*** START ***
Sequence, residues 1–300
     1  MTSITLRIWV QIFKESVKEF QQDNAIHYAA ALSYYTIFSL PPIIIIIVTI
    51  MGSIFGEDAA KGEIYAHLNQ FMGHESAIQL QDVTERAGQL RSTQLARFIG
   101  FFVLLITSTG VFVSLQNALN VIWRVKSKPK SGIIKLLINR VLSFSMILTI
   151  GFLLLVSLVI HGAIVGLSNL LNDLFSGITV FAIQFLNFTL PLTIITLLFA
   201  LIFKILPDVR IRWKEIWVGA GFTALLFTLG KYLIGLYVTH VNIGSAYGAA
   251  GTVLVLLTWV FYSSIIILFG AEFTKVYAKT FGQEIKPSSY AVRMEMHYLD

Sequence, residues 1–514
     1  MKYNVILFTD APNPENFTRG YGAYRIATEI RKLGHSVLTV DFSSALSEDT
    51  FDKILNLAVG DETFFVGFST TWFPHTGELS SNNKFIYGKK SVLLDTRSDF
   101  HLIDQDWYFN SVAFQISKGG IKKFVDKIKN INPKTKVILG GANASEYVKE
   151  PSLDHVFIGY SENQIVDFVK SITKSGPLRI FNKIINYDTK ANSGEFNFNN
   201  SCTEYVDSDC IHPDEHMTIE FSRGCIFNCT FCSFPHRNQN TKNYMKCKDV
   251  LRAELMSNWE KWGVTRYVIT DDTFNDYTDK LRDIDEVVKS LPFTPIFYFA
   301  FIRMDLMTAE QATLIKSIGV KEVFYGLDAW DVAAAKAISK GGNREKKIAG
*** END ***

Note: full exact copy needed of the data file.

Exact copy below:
Sequence, residues 1–300
     1  MTSITLRIWV QIFKESVKEF QQDNAIHYAA ALSYYTIFSL PPIIIIIVTI
    51  MGSIFGEDAA KGEIYAHLNQ FMGHESAIQL QDVTERAGQL RSTQLARFIG
   101  FFVLLITSTG VFVSLQNALN VIWRVKSKPK SGIIKLLINR VLSFSMILTI
   151  GFLLLVSLVI HGAIVGLSNL LNDLFSGITV FAIQFLNFTL PLTIITLLFA
   201  LIFKILPDVR IRWKEIWVGA GFTALLFTLG KYLIGLYVTH VNIGSAYGAA
   251  GTVLVLLTWV FYSSIIILFG AEFTKVYAKT FGQEIKPSSY AVRMEMHYLD

Sequence, residues 1–514
     1  MKYNVILFTD APNPENFTRG YGAYRIATEI RKLGHSVLTV DFSSALSEDT
    51  FDKILNLAVG DETFFVGFST TWFPHTGELS SNNKFIYGKK SVLLDTRSDF
   101  HLIDQDWYFN SVAFQISKGG IKKFVDKIKN INPKTKVILG GANASEYVKE
   151  PSLDHVFIGY SENQIVDFVK SITKSGPLRI FNKIINYDTK ANSGEFNFNN
   201  SCTEYVDSDC IHPDEHMTIE FSRGCIFNCT FCSFPHRNQN TKNYMKCKDV
   251  LRAELMSNWE KWGVTRYVIT DDTFNDYTDK LRDIDEVVKS LPFTPIFYFA
   301  FIRMDLMTAE QATLIKSIGV KEVFYGLDAW DVAAAKAISK GGNREKKIAG